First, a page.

Chapter books and picture books

Last summer, my assistant Ezra said: “Are you going to the bookstore at lunch today? Because I want to go with you.”

“Why?” I said. “You want a book? I can pick it up for you.”

“No,” he said with certainty. “It’s the new Game of Thrones book. It’s the first one in six years. I want to buy it myself.”

So we went to the (now defunct) Borders Bookstore, and I turned him loose.

He was immensely happy, and I left him alone with his prize. I wandered off to the “graphic novel” section, and browsed for a few minutes, and rejoined him shortly with a big black-and-white Superman anthology. “What’s that?” he said suspiciously.

“It’s an anthology of some comic books from my childhood,” I said happily.

He looked down on me (seriously: he was at least five inches taller than me) with disdain.

He was buying a chapter book and I was buying a picture book.

Well, so what? I love my picture books. Some of them remind me of my childhood, which is reason enough. Some are artistic / beautiful, which is reason enough again. Some are profound and moving (like “Maus”). Some are just for fun, like my comic anthologies, or my volumes ofLynda Barry and George Herriman and Edward Gorey.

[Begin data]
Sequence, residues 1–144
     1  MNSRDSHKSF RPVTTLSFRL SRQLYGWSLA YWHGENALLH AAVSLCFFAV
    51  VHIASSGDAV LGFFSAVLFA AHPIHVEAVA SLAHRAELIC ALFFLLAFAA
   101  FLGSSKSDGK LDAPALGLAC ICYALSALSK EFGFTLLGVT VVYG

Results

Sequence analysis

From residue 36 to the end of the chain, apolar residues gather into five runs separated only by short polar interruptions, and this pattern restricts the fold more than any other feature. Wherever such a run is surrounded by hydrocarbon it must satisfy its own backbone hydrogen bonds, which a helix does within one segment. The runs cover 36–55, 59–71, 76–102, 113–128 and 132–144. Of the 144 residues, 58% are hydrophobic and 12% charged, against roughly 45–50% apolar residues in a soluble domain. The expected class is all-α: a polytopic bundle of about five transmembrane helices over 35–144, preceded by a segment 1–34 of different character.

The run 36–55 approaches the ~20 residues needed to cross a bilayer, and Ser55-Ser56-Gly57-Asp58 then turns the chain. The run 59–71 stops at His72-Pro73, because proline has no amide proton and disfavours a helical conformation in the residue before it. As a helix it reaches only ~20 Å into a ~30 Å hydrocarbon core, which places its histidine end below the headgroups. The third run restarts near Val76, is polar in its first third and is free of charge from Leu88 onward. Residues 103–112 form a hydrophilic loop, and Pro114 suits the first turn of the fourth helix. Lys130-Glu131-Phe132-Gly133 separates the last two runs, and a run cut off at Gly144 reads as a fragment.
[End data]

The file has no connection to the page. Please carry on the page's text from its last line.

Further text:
To quote Charles Dodgson (from – surprise! – a chapter book!):

 “Alice was beginning to get very tired of sitting by her sister on the bank, and of having nothing to do: once or twice she had peeped into the book her sister was reading, but it had no pictures or conversations in it, `and what is the use of a book,’ thought Alice `without pictures or conversation?’”

Amen, sister.


About Loren Williams
Gay, partnered, living in Providence, working at a local university. Loves: books, movies, TV. Comments and recriminations can be sent to

3 Responses to Chapter books and picture books

  1. starproms says:

    I still buy and collect Rupert the Bear annuals. I loved them when I was a child growing up in the 1950’s. The stories are very good and the artwork by Alfred Bestall (at that time) is brilliant. I was and am transported to another world and I love it. Nothing wrong with living in another world is there.
    One of my sons is a fan of Game of Thrones and the other books by George Martin (I think it is).

    • I still love them all. I take great comfort in them. I learned to read, really, from a little Donald Duck book that I still have, and I owe picture books a great debt.

      • starproms says:

        How lovely that you still have those books. Some of my favourite books live on in my memory. I would love to see them and touch them again. I think that must be why there is such a big market for old books on Ebay, don’t you?

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